10th August, 2020

Millions of us are working and learning remotely during Covid-19. (‘Remotely’, what a scary word for a species that needs contact and touch.) As restrictions lift, I can’t help worrying this ‘business unusual’ could become the new normal. Zoom, Webex, and Google hangouts have replaced the flip chart, projectors and snacks in powering our  meetings and brainstorms. Despite the initial novelty of doing meetings in my pyjamas, I believe (and science has proven) that face-to-face interaction is irreplaceable. But I do think that some things have changed forever for conference organisers. It is not just about the safety element, which takes time and effort from us facility operators. We have all become choosier and more  selective about where we want to travel and who we want to meet. As businesses resume, meeting and conference attendees will have higher expectations for face-to-face  meetings in relation to their safety and overall event experience. Where do all of us at Enashipai see the change?

  • Face to face meetings are going to be more carefully curated: The all-important contract negotiation, the highly confidential security briefing or the ground-breaking innovation presentation…
  • Content delivery will transition from the traditional keynote addresses to shorter, tighter presentations on a particular issue. Let’s please say a long overdue ‘kwaheri’ to the overly-long PPT being read word for   word by the presenter. (Note to presenters..We can all read what’s on the slide!)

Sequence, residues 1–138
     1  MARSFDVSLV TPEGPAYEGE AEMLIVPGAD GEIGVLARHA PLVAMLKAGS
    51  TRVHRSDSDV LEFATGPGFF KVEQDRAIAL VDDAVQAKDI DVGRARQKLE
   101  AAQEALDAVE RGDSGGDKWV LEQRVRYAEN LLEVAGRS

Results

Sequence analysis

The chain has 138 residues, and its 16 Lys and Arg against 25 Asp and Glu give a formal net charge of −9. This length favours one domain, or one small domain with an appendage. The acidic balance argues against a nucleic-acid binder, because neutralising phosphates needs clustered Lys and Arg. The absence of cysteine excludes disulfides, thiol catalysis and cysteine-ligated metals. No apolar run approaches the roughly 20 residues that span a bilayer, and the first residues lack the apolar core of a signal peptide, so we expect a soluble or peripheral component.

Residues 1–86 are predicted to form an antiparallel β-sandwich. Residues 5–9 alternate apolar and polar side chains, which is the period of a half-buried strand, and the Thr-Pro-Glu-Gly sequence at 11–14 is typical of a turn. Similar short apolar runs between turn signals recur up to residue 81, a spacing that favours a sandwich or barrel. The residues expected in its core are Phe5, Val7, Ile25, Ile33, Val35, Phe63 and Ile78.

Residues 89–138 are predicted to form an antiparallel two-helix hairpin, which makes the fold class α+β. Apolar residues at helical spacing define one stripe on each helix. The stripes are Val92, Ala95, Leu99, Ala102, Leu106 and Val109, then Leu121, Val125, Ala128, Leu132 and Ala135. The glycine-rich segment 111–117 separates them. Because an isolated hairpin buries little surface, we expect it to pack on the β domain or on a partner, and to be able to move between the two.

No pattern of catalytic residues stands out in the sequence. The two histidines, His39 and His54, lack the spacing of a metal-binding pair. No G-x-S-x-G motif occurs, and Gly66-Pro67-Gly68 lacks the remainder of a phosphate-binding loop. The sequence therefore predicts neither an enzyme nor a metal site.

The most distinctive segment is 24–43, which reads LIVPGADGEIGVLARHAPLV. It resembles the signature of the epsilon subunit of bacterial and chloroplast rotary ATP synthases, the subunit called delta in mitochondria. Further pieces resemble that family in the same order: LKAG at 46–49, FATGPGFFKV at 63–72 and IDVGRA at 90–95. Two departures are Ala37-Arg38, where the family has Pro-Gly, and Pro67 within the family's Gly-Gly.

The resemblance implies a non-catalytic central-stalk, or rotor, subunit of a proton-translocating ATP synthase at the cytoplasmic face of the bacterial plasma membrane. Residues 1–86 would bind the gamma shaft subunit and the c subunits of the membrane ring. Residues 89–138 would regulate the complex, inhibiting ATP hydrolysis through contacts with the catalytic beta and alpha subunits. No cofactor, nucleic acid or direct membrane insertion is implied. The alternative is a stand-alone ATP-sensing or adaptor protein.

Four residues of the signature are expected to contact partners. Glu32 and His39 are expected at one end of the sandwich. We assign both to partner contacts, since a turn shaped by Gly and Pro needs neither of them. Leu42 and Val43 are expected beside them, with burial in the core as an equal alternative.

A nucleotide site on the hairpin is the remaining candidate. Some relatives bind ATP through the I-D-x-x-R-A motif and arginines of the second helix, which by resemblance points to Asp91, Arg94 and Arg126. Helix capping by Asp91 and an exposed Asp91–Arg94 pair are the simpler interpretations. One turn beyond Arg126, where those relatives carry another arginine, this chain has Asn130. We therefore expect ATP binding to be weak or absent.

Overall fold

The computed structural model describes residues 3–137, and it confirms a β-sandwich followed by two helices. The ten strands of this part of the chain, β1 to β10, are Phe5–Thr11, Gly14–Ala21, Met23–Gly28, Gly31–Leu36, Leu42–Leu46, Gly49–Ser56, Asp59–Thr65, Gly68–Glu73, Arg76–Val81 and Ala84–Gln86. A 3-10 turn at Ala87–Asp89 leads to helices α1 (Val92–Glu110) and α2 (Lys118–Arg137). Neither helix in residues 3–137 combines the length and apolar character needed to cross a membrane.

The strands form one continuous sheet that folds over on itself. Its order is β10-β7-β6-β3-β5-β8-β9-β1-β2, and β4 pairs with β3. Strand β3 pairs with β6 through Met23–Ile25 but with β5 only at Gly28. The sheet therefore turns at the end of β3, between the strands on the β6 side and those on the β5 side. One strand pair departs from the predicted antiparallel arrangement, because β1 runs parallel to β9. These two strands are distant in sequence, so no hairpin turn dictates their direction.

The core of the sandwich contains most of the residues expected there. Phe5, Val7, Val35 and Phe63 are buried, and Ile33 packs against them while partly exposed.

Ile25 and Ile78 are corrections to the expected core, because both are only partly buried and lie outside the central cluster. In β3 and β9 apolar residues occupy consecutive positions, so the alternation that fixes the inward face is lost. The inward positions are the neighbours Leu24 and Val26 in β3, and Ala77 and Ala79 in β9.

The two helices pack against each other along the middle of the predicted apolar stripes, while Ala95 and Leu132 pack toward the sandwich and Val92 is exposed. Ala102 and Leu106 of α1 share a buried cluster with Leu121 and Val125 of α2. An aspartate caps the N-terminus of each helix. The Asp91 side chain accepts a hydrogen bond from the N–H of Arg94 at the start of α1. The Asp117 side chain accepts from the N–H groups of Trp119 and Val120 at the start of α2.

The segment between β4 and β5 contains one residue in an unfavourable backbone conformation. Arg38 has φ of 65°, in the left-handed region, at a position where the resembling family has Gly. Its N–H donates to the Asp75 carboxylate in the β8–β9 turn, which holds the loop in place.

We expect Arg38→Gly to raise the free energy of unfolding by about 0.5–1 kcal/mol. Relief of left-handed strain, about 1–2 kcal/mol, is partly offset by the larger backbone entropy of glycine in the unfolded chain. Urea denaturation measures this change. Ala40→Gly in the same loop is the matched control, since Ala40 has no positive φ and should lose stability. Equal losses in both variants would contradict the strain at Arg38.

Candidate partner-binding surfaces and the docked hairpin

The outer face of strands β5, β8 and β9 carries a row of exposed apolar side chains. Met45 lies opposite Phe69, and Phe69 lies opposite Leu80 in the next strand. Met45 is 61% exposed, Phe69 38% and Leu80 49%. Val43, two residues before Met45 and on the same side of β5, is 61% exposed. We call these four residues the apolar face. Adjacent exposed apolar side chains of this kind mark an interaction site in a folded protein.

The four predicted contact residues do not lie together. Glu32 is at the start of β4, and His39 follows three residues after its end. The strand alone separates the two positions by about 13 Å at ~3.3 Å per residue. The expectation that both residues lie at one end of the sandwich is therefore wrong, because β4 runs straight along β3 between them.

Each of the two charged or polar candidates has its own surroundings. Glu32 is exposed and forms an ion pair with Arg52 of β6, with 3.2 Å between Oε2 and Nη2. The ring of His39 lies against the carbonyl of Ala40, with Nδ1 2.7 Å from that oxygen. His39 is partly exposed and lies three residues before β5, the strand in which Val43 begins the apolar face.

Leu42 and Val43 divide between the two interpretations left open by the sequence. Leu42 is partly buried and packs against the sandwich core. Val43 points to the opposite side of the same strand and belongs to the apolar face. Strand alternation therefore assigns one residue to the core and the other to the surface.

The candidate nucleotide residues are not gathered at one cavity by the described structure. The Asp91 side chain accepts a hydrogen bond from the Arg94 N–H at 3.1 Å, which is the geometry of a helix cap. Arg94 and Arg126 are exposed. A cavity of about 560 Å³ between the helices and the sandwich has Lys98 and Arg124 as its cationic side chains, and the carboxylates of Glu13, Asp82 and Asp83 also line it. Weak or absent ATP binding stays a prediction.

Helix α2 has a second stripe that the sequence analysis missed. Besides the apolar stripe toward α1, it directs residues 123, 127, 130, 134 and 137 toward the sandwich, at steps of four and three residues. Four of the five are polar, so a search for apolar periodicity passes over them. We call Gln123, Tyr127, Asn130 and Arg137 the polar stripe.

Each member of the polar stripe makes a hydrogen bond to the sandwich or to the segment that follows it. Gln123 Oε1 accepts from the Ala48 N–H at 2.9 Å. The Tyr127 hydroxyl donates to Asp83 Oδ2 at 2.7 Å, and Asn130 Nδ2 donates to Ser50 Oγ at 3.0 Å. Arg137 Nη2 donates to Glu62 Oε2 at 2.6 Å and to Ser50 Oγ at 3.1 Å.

• Gone is the era of large gatherings with a flabby agenda. People will only gather for a strong value proposition, facilitated by a themed discussions among an intimate audience. Meeting moderators will    need to work harder to run to time and prioritize the critical speakers and decisions.
  • Conference conveners will need to think more carefully about who really needs to be there. Do we really need so many people from the same organisation at a conference? They inevitably spend most of the breaks chatting to the same people they see in the office. By reducing the number of people at conferences, might we actually make them far more effective for networking?
  • Digital platforms and technology will play an even bigger part in physical meetings, to incorporate people who cannot travel.
  • Social distancing will now become mainstreamed as part of social etiquette. (The small upside for me personally will be removing the awkward dilemma of the business ‘hug or handshake’!)
  • And it goes without saying that organisers will only be using venues that have dotted the I’s and crossed the T’s on their sanitization policy and health and safety measures.

So I say, the ‘normal’ conference or meeting is dead. But, BRING ON the focused, effective and safe moments that will power our economy and lives.

By: Wanjeri Mahiti – Director, Sales & Marketing.

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